The hardest part of my job isn’t getting athletes fit. The challenge of the coach is to get athletes to believe in themselves to execute that fitness on race day.
For most of us, we are about as good as we make up our minds to be.
“It’s your thinking that decides whether you’re going to succeed or fail.”
Most of our performance, beyond basic fitness, is entirely within our control. Execution of a sound fuel plan is entirely within our control. Adapting to and overcoming obstacles or challenges, again, within our reach. Accepting weather conditions, managing race day anxiety, dealing with other competitors – all things that we can decide to do – with confidence!
“There can be no great courage where there is no confidence or assurance, and half the battle is in the conviction that we can do what we undertake.”
-Orison Swett Marden
How do you actually do these things, with confidence, when pressure is high and thoughts are screaming otherwise? It’s all part of the mental game. Like any game, the mental game can be lost or won. I hear this a lot – I need to improve my mental game. Many athletes have misconceptions about how to improve their mental game. Let’s start with things that do not improve your mental game:
(1) Suffering through hard workouts designed above your current fitness level. Suffering does not make you mentally tough, it usually just makes you tired.
(2) Relentlessly positive thinking. Forcing yourself to change your current thought patterns creates unnecessary “chatter” in your head & charges you up to think that something is wrong with you & must be fixed (which then lowers confidence)
(3) Deciding on race day to be mentally tough. Practice makes perfect. Deciding to be mentally tough on race day is like deciding you’re going to hold 22 mph when you’ve been training at 17. To get there, you gotta go there.
(4) Thinking you have to be the fastest, most “talented” athlete with genetic gifts & high V02 max to master the mental game. Mental toughness (and confidence) is accessible to any athlete willing to practice & it’s worth free speed, no matter what your speed.
How does one therefore improve their mental game?
Confidence. Staying the path. Going there in practice to get there when it matters most – in racing.
Want to be on top of your mental game? Be confident. Funny thing about confidence is that it’s a lifelong process of finding, accepting and being yourself. Often you have to dig a little deeper to figure out why you are not confident. I see this with a lot of athletes – they are highly successful in their “real” life. Yet put them into the sporting field, build the pressure and they crumble when confidence is needed the most. Why? I think it’s the perfect storm of mental pressure and physical fatigue.
Pressure. The irony is that most of us do this for fun, or because we are passionate about it – the fitness, the challenge, the health, etc. There is no “real” pressure other than the pressure we place on ourselves. We place a lot of pressure on ourselves because we are competitive, because we are (mostly) Type-A perfectionists. There is internal pressure from ourselves and mostly what I find is perceived external pressure for outside sources; social media, what others think about us, sponsors, etc. When you let go of the idea of pressure you realize that you are free. When you are free, you can act automatically. Your actions are made with confidence rather than playing it safe through fear of consequences (what you might feel, what others think of you). All of a sudden everything you’ve done in training can be done in racing because there are no forces (pressures) working against you.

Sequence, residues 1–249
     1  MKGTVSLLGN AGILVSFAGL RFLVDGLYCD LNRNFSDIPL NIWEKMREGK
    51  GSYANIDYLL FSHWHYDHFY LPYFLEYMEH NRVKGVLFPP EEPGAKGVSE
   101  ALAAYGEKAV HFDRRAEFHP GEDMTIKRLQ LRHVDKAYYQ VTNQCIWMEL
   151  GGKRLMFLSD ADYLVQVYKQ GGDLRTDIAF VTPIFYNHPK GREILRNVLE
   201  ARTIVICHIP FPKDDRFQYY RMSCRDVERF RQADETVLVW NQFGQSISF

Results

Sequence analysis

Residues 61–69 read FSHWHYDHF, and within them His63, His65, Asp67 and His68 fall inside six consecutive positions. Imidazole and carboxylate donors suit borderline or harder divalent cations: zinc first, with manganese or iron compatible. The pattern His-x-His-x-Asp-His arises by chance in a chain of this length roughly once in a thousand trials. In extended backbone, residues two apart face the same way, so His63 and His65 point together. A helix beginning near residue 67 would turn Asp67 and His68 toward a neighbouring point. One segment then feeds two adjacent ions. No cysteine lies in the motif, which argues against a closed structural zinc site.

“Pressure is nothing more than the shadow of great opportunity.”
Physical fatigue, unlike pressure, is very real. It is what happens when you push against that edge of your endurance, your threshold – wherever you are going in a race. There is no training that prepares you for the feeling in the last 10K of an Ironman marathon. Better yet, the last 400 meters of a 1 mile all out race. What you do in those moments is often much more what you decide to do versus what you are prepared to do. I’ve never run 22 miles in training. I’ve never walked the last 4 miles of a marathon. Make no mistake, how I felt in those last 4 miles was one of the most physically painful experiences of my life. Yes, fatigue is often due to carbohydrate depletion or dehydration. But beyond that, like most things in sport, it’s a mindset. You make choices out there. The only way I was able to make the choice to keep running was from confidence. Fearlessness for going after it, trusting that whatever is coming my way, I can handle it.
“Even the strongest have their moments of fatigue.”
Improving your mental game has little to do with thinking positive. Or turning every negative thought around. The truth is, you cannot change your thoughts. Your thoughts pop into your head for a variety of reasons – some have merit, others are totally random, unrelated to anything real. You cannot make yourself think good things. You can say good things to yourself but you can’t change your thoughts. Often the more you try to tell yourself to think positive, the more you fight yourself and create the opposite reaction of what you are seeking. You charge up your thinking and your ‘self’ starts to think – what’s wrong with me? Why can’t I think positive? All of a sudden something small that you were trying positively think your way out of gets blown up into something big, a source of self failure or fear. You over-react – actually, you react and take action at a time when you should have done nothing.